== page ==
The House Rules Committee passed two potential constitutional amendments Thursday. If added to the House calendar, and passed by at least 72 members of the House (three-fifths of the chamber), the amendments will appear on the November ballot.
The committee passed Senate Bill 677, which would enshrine the right to hunt and fish, by a unanimous voice vote.
Legislators also forwarded House Bill 1092, introducing a photo ID requirement to vote. The committee passed a revised version of the bill on party lines, 21-9, after lengthy debate.
Under H.B. 1092, the General Assembly would decide the forms of photo identification voters must provide if the amendment passes. The requirements may resemble those from the state’s 2013 voter ID law struck down by federal courts.
In a recorded video message, former General Assembly senior legal counsel Gerry Cohen urged lawmakers to reject the voter ID bill, citing a variety of concerns.
“This bill will disenfranchise voters, and it is not well thought through,” Cohen said.
Democrats took Cohen’s advice, offering changes to the bill requiring mail-in absentee ballots to include copies of voter ID, and preventing the sitting legislature from implementing the law. The second change would give Democrats more influence over voter ID if they broke the Republican supermajorities in the November election.
Both amendments failed.
Legislators debated concerns about how ID requirements would be implemented, and how existing election laws may prevent voter fraud.
Kim Strach, executive director of the Bipartisan State Board of Elections and Ethics Enforcement, said the earlier voter ID law had a preparation and rollout period of more than two years. During that time, voters could acquire a free photo ID from the state if they did not have one. If the voter ID requirement became law, the next scheduled election would be September 2019, Strach said.
Currently, North Carolinians must provide their names and addresses to vote in person, and sign a form certifying their identity. Absentee ballots must be signed by two adult witnesses.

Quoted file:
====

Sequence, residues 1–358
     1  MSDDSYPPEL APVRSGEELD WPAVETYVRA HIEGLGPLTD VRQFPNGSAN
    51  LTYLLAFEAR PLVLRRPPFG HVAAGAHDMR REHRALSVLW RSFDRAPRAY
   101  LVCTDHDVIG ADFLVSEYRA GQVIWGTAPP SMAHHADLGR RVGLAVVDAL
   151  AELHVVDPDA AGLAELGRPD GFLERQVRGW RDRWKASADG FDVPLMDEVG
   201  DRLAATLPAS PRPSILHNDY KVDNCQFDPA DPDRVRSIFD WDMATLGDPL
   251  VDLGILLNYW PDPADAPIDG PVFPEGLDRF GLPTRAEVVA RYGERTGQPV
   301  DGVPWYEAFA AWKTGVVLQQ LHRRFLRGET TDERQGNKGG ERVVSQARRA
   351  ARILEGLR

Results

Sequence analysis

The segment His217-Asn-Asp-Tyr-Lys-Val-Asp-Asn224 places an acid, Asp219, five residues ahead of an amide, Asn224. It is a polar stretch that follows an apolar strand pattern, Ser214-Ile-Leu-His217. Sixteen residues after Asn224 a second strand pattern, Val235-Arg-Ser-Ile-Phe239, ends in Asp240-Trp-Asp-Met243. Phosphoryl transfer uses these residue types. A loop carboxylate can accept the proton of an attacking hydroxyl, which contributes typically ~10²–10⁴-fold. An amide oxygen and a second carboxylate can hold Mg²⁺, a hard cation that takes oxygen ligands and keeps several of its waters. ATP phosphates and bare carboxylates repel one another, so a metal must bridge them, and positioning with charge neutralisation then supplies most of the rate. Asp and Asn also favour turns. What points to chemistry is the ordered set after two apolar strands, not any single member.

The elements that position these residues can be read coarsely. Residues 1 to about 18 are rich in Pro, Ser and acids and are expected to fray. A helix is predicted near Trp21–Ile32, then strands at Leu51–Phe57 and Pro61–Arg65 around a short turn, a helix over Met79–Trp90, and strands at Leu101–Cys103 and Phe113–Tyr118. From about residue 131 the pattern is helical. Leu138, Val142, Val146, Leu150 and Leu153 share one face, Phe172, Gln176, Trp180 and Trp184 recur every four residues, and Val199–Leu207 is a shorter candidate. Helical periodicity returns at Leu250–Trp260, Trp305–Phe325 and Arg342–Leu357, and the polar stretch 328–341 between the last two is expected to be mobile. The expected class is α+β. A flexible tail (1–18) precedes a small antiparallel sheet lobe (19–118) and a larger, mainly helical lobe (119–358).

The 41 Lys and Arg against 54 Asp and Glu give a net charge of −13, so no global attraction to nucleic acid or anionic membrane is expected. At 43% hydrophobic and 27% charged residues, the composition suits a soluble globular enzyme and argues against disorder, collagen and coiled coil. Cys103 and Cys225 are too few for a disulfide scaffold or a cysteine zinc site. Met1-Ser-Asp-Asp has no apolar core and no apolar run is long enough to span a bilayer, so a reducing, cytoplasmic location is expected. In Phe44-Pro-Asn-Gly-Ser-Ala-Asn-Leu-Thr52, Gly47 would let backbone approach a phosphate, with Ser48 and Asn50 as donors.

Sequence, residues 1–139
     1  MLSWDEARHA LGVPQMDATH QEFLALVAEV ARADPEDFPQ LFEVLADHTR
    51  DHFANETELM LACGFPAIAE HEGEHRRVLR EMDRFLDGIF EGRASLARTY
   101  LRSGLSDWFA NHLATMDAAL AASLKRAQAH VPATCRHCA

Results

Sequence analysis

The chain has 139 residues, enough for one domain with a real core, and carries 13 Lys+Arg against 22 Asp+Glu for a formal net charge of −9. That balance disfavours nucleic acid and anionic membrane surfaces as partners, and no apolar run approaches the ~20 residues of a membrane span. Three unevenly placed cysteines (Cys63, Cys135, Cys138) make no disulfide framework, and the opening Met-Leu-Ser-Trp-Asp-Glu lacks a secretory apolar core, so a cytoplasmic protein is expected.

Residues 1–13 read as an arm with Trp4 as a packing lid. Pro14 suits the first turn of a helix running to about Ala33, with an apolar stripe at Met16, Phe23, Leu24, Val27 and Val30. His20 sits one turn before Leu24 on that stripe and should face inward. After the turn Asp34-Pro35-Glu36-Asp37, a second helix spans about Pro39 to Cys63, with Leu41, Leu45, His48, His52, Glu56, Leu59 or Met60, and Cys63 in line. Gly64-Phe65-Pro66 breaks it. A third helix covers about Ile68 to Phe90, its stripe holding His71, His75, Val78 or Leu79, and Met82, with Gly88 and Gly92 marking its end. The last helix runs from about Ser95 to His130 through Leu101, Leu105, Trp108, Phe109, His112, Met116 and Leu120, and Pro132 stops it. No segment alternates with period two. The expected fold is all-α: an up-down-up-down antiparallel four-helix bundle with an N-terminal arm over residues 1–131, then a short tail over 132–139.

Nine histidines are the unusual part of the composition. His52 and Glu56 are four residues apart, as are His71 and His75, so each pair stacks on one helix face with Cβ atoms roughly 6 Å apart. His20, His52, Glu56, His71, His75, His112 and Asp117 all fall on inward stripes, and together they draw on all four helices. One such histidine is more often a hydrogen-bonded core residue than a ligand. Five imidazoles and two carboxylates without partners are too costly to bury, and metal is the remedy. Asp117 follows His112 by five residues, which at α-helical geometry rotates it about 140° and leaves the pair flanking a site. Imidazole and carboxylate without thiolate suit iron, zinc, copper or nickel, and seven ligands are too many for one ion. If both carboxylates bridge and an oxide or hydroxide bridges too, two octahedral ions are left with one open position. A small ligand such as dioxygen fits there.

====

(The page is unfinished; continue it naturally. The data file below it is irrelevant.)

Representatives from several interest groups weighed in on the amendment.
The Rev. T. Anthony Spearman, president of the North Carolina NAACP, said he was firmly against the bill, sharing arguments that the state’s previous voter ID law was designed to discriminate against African-Americans.
“In North Carolina we know voter ID is intended to silence certain voters, and impacts many more,” Spearman said. “Although African-Americans made up only 23 percent of all voters in the March 2016 primary, they were 34 percent of the 1,400 voices silenced by the voter ID law.”
Spearman may have been referring to state research analyzed by the North Carolina Justice Center, showing 34 percent of registered voters without a valid photo ID in 2012 were African-American.
Dallas Woodhouse, executive director of the North Carolina Republican Party, disputed the notion that the bill had nefarious intentions.
“This issue has been far more controversial with the activist community in Raleigh and in this building than it has been with the voters,” Woodhouse said.
Woodhouse added that a new voter ID law could bring marginalized citizens out of the shadows and reassure the state’s voters.
“Many, many people in the public question why they don’t present an ID and if their vote can be disallowed or if someone else can vote in their place,” Woodhouse said. “They wonder about the security and the process. This amendment and the accompanying legislation gives us an opportunity to enhance the people’s confidence.”
A recent Civitas poll suggests 69 percent of voters would support a voter ID amendment. The amendment was backed by 92 percent of Republicans and 46 percent of Democrats surveyed.
On Twitter, Cohen recalled that in 1876, North Carolina voters approved a raft of constitutional amendments that discriminated against non-whites. “Popular but wrong,” Cohen observed.
The sponsors of the two bills, Sen. Norm Sanderson, R-Pamlico, and House Speaker Tim Moore, R-Cleveland, respectively, said the proposals had support across the region. They pointed out that all the states surrounding North Carolina have some form of voter ID requirements and protections for hunting and fishing.